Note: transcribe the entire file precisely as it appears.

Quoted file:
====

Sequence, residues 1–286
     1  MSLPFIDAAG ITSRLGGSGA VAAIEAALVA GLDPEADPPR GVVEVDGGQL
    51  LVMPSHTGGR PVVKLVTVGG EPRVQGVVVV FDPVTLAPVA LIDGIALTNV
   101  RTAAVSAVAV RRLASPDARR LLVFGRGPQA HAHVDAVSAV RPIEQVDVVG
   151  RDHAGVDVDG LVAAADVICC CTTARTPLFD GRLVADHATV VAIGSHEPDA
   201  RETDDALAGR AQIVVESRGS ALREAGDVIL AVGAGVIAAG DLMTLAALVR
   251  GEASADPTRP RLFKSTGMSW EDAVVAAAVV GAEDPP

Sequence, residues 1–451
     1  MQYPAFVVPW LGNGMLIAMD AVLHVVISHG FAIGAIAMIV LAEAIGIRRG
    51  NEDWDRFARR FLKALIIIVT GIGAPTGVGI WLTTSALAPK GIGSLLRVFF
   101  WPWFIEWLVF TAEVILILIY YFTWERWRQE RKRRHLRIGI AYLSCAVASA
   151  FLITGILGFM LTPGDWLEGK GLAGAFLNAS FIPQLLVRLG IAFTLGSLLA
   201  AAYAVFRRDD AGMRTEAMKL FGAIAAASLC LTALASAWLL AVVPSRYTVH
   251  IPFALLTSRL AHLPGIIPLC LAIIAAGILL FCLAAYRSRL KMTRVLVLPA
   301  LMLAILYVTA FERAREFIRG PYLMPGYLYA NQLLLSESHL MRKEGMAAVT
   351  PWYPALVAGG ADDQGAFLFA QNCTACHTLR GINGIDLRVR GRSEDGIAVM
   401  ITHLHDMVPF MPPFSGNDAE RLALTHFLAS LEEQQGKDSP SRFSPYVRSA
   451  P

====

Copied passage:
Sequence, residues 1–286
     1  MSLPFIDAAG ITSRLGGSGA VAAIEAALVA GLDPEADPPR GVVEVDGGQL
    51  LVMPSHTGGR PVVKLVTVGG EPRVQGVVVV FDPVTLAPVA LIDGIALTNV
   101  RTAAVSAVAV RRLASPDARR LLVFGRGPQA HAHVDAVSAV RPIEQVDVVG
   151  RDHAGVDVDG LVAAADVICC CTTARTPLFD GRLVADHATV VAIGSHEPDA
   201  RETDDALAGR AQIVVESRGS ALREAGDVIL AVGAGVIAAG DLMTLAALVR
   251  GEASADPTRP RLFKSTGMSW EDAVVAAAVV GAEDPP

Sequence, residues 1–451
     1  MQYPAFVVPW LGNGMLIAMD AVLHVVISHG FAIGAIAMIV LAEAIGIRRG
    51  NEDWDRFARR FLKALIIIVT GIGAPTGVGI WLTTSALAPK GIGSLLRVFF
   101  WPWFIEWLVF TAEVILILIY YFTWERWRQE RKRRHLRIGI AYLSCAVASA
   151  FLITGILGFM LTPGDWLEGK GLAGAFLNAS FIPQLLVRLG IAFTLGSLLA
   201  AAYAVFRRDD AGMRTEAMKL FGAIAAASLC LTALASAWLL AVVPSRYTVH
   251  IPFALLTSRL AHLPGIIPLC LAIIAAGILL FCLAAYRSRL KMTRVLVLPA
   301  LMLAILYVTA FERAREFIRG PYLMPGYLYA NQLLLSESHL MRKEGMAAVT
   351  PWYPALVAGG ADDQGAFLFA QNCTACHTLR GINGIDLRVR GRSEDGIAVM
   401  ITHLHDMVPF MPPFSGNDAE RLALTHFLAS LEEQQGKDSP SRFSPYVRSA
   451  P